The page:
I had come here expecting the healing touch of Sufism – the other side of Islam. The one that lay hidden beneath news reports that suggested that it was the purported fuse that threatened to explode into a clash of civilizations, fuelled by jehadi rage and reactionary outrage – the faith that inspired an Amir Khusro to write “Kafir-e-ishqam musalmani mara darkaar neest…” (I am a pagan (worshipper) of love: the creed I do not need…, We have God in our midst: the pilot we do not need). But I was a trifle disappointed. I did not see the ideal I had come to seek, of crowds of Hindus, their heads covered by a cotton handkerchief, milling with Muslims in skull caps. Perhaps, the winds of suspicion that blew from Glasgow to Brisbane, had reached the little hamlet of Nizamuddin too. Hiding my disappointment over the loss of a phone, & worse, the loss of a notion, Amim mian and I made our way through the throngs toward the final resting place of Hazrat Nizamuddin whose unfettered compassion for both Muslims and Hindus and his miraculous achievements seem to touch the lives even today. His living presence, many say, can be felt to this day, by those who enter these walls with a pure heart.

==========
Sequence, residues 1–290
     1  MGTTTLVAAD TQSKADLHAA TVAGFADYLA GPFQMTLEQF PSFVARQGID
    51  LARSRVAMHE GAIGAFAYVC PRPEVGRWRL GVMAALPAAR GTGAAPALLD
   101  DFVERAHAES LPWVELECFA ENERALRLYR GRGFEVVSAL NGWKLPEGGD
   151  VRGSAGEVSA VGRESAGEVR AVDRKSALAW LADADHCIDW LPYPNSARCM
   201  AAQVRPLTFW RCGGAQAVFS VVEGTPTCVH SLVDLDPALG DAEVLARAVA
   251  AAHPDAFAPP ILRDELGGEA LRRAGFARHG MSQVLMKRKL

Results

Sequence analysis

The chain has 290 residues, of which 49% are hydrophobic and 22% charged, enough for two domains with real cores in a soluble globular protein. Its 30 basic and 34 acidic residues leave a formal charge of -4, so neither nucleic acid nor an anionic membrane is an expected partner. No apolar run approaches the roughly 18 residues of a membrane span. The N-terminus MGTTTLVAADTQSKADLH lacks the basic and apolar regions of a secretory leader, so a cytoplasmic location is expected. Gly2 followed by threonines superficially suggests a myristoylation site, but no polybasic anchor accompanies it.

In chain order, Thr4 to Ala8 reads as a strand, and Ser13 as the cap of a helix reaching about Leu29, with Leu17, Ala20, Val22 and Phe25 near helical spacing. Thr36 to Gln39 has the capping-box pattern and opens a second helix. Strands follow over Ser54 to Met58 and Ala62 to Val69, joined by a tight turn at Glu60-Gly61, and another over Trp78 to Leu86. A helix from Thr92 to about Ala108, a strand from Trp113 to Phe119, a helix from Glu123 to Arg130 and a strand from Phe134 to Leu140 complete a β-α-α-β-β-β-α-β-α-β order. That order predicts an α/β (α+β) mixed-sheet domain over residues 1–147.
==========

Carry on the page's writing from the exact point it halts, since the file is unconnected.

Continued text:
As the sun set, a soul stirring voice pierced through the thrum that had enveloped the shrine. The qawwals had taken stage. We were standing at the back but one of the qawwals saw us and perhaps he could read my disappointed mind for he motioned for us to come forward. Immediately, like the parting of the Red Sea, the crowd gave way and welcomed us to the front. A group of singers, the Nizami brothers, sang with voices that were loud, grainy, powerful, and yet soothing and beautifully harmonised. Their impassioned piety had the entranced crowd clapping and swaying in rhythm. A man jumped up, eyes closed, he swayed and danced like a man possessed. Still no Hindu men sporting handkerchiefs but I did see some Caucasian women, who in their Western attire blended with surprising ease with the burqa clad Muslim women and were treated with great respect. The evening had acquired a magical hue. From a crowded, grimy courtyard, where thieving fingers lurked in every corner, it had been transformed into a platform where music, poetry, prayer and faith blended to create a timeless, transcendental vignette that touched the very soul of the audience. Listeners and performers swayed in unison – qawwals and faqirs, white women and brown rickshaw pullers, phone-less columnists and turbaned sheikhs, in sync and rhythm with a smile on their lips and peace in their hearts.